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Options available to directors of insolvent companies

18 April 2022 Communications & PR Executive Abigail Cheadle e: abi@mcorpadvisory.com.au d: +61 448 139 340 m: +61 448 139 340
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Alternatives to formal insolvency appointments exist. Safe Harbour, is it disruptive to the insolvency profession?

Before Safe Harbour, directors would be personally liable unless they put the company into Administration or even Liquidation.

Liquidation and Voluntary Administration are both formal insolvency appointments for companies conducted independent of the directors.

Administration allows a brief time to find an alternative to Liquidation. The Administrator controls the company in the interim and the creditors determine the outcome. If a turnaround is possible it will be documented in a Deed of Company Arrangement – but if not, the company will almost always end up in Liquidation.

In Liquidation: trading ceases, company assets are sold, and any remaining proceeds, after the Liquidators fees, are distributed to creditors according to the Corporations Act.
Bankruptcy is a similar process, but it only applies to individuals, who don’t trade through a company but are sole traders or in a partnership.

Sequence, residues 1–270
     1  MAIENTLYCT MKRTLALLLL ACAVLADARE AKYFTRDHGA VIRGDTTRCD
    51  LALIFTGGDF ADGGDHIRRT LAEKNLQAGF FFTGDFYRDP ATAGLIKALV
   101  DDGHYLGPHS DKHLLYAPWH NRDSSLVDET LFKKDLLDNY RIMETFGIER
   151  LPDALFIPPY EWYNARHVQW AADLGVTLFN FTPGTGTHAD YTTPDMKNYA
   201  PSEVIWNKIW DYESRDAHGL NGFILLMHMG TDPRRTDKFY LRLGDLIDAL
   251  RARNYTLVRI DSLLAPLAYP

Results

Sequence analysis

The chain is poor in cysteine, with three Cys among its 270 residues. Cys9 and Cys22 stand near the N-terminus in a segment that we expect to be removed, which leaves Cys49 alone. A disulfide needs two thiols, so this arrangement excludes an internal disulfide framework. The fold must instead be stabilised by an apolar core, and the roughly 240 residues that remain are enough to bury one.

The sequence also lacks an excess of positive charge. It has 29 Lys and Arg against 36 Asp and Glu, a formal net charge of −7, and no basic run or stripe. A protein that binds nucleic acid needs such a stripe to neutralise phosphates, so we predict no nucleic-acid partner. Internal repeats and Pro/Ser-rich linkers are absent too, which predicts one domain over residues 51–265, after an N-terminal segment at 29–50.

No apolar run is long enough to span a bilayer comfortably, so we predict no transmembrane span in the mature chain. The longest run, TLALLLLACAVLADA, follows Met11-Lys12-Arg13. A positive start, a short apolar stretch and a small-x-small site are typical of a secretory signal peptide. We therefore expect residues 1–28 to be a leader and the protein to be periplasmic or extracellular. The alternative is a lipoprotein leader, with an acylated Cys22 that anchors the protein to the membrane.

Separately, lenders might insist that a company hire an Investigating Accountant to assess the situation on the bank’s behalf and make a recommendation as to what the bank should do. More often then not, they would recommend a formal appointment.

Now we have Safe Harbour. The major benefit of it, is that it allows directors to turnaround their insolvent or financially stressed companies, without incurring personal liabilities for any debts incurred whilst doing so.
Additional benefits of Safe Harbour over formal insolvency appointments include:

  1. Directors remain in control, not the Administrator or Liquidator.
  2. Less fees involved as directors remain in control and the Safe Harbour advisers negotiate a fee for overseeing Safe Harbour compliance.
  3.  Administration has formerly been used to restructure entities but more often than not results in liquidation.
  4. Administration typically causes the suppliers to demand cash payment for goods and services as opposed to operating on trade credit- further restraining the business cash flow.
  5. Assets sold through Administration and Liquidation are often at a forced sale price.
  6. If a listed company makes a formal appointment or appoints an Investigating Accountant, the appointment must be announced, whereas under Safe Harbour no announcement is required. That means a listed entity can restructure without the disruption caused by the negative publicity of appointing an Administrator, Liquidator or a Investigating Accountant.
  7. When a formal appointment is made, all communications from the company must state so, whereas under Safe Harbour there is no such requirement.
  8. Lenders have welcomed the new Safe Harbour regime because they want directors to recognise if they have a problem, then plan to remedy it in the most efficient way possible. Safe Harbour advisers afford this comfort to the financiers.

For more information on this topic or our services with regards to selecting appropriate consultants for Safe Harbour for your company, go to at www.safehabournet.com.au